Archery Talk Forum banner
1 - 14 of 14 Posts

·
Registered
Joined
·
122 Posts
Discussion Starter · #1 ·
I'm in the market for a new pair of bowhunting boots and I can't decide between rubber (lacrosse burly) and a conventional (Rocky 1000gram thinsulate) pair.

The big thing for me is warmth without too much weight. Some of my treestands are nearly a mile from the truck. Pac boots are not an option.

Some of my buddies tell me that, all else being equal, rubber boots are warmer than leather or Cordura.

I've tried on a few Lacrosse boots, but they're a major pain to get off. I tried Lacrosse's new Alpha Burly (neoprene). Very comfortable, light, and easy to get off but, uninsulated. Grrrrr.

Did I mention I'm in upstate NY. It can get plenty cold here during bow season.

Help me out.

todd
 

·
Registered
Joined
·
1,515 Posts
Taking my burly 800's off from a couple years ago was a nightmare, I would pull my groin trying to get em off. The twelve hundreds I bought last fall came off with ease. Very warm too, I have bad feet when it comes to the cold and these keep me warm. There not the greatest for walking in though, just my opinion. I think rocky has a 1600 gram boot with the suppresent(spelling??) outsole, I might give them a shot this year...
 

·
Registered
Joined
·
1,070 Posts
Boots

When it got cold last year I put my Rocky on, not rubber but leather with rubber sole. Saw lots of deer and they crossed my tracks several times, never spooked??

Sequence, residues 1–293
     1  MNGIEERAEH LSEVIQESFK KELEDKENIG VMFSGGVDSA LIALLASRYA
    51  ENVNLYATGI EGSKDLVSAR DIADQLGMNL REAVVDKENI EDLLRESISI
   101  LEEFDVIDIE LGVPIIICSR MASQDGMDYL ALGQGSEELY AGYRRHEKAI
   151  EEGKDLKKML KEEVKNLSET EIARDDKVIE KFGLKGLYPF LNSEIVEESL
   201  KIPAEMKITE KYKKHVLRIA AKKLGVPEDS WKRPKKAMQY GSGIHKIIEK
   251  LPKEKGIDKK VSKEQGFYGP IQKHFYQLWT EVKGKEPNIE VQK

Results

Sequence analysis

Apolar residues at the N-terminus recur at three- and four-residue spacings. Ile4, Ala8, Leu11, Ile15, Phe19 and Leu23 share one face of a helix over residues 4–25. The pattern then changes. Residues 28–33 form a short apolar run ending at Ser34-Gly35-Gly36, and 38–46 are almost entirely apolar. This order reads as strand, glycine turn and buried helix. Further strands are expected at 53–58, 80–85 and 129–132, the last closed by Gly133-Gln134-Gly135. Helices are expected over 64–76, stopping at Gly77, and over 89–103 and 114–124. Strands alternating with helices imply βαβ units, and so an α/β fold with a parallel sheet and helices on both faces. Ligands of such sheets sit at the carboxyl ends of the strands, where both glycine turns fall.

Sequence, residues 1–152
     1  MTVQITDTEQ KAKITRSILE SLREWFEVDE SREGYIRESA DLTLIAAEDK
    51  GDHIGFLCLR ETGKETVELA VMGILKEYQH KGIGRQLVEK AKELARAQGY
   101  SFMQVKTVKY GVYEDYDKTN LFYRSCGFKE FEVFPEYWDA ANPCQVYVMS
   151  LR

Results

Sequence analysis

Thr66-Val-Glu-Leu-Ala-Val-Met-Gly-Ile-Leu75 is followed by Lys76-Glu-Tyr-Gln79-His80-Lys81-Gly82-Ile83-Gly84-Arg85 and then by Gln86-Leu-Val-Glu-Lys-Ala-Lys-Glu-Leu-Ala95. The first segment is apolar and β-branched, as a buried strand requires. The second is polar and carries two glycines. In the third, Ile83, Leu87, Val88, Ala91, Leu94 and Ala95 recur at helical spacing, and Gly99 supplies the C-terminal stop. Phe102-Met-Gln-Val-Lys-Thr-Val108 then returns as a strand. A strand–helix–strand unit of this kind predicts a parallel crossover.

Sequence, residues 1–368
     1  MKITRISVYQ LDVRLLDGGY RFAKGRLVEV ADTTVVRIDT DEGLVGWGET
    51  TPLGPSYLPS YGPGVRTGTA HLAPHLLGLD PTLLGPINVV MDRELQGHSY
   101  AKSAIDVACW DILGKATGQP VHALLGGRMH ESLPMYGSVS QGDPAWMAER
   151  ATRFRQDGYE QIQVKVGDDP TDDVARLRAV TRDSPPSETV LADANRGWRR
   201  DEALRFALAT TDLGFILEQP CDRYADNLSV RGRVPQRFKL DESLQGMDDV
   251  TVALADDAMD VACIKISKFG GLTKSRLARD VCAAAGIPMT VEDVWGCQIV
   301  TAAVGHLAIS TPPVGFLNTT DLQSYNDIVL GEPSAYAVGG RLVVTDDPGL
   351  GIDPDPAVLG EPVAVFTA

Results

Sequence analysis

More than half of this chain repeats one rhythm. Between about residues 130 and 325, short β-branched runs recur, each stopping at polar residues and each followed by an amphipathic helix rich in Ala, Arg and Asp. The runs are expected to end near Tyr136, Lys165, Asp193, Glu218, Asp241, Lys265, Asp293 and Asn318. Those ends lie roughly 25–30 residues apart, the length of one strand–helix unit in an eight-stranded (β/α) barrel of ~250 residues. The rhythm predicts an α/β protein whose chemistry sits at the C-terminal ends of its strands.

I am considering a pear of lacrose burly but also remember how good my regular rockys worked. I guess I will have to wait and see. Like a comfy boot.
 

·
Registered
Joined
·
167 Posts
Try the Muck boots. I will have a pair before fall. I'm not sure if it'll be the Fieldmaster or Woody Max rubber boots, but I'm hearing a lot of good things about them.
 

·
Registered
Joined
·
10,661 Posts
I wear the Burleys but I always get a size and half too big. That give me an air pocket for insulation and easier off and on. If you get them in the "right size" they are a pain in the you know what to get off...
 

·
Registered
Joined
·
662 Posts
I am glad to see I am not the only who had troble with lacrosse boot I got them a size to big and they were tought to get on and almost impossible to get off. for turkey hunting this year I got some bass pro 3 ply stretch rubber boots .Big improvement
 

·
Registered
Joined
·
5,700 Posts
i use rubber boots year round for hunting. they are easy to take care of and really are warm. i use the uninsullated wolverines for the warmer part of the year and then in the winter months i go with the 1200 gram thinsulate wolverines. they are the best for the money and last. i have used these boots for almost 5 years with no wear noted and they don;t cost you a 100 bucks or more like some of the others do and the non insullated cost less than 40 bucks. very good quality
rob k
 

·
Registered
Joined
·
14,403 Posts
Todd,

I hunt upstate NY as well (I live in Chatham). I buy Cabelas $29 rubber wellingtons. These boots have 200grams of thinsulate and that is plenty for most days. The Lacrosse boots are way to heavy and clunky, except the Grange which I like also, but it has no insulation.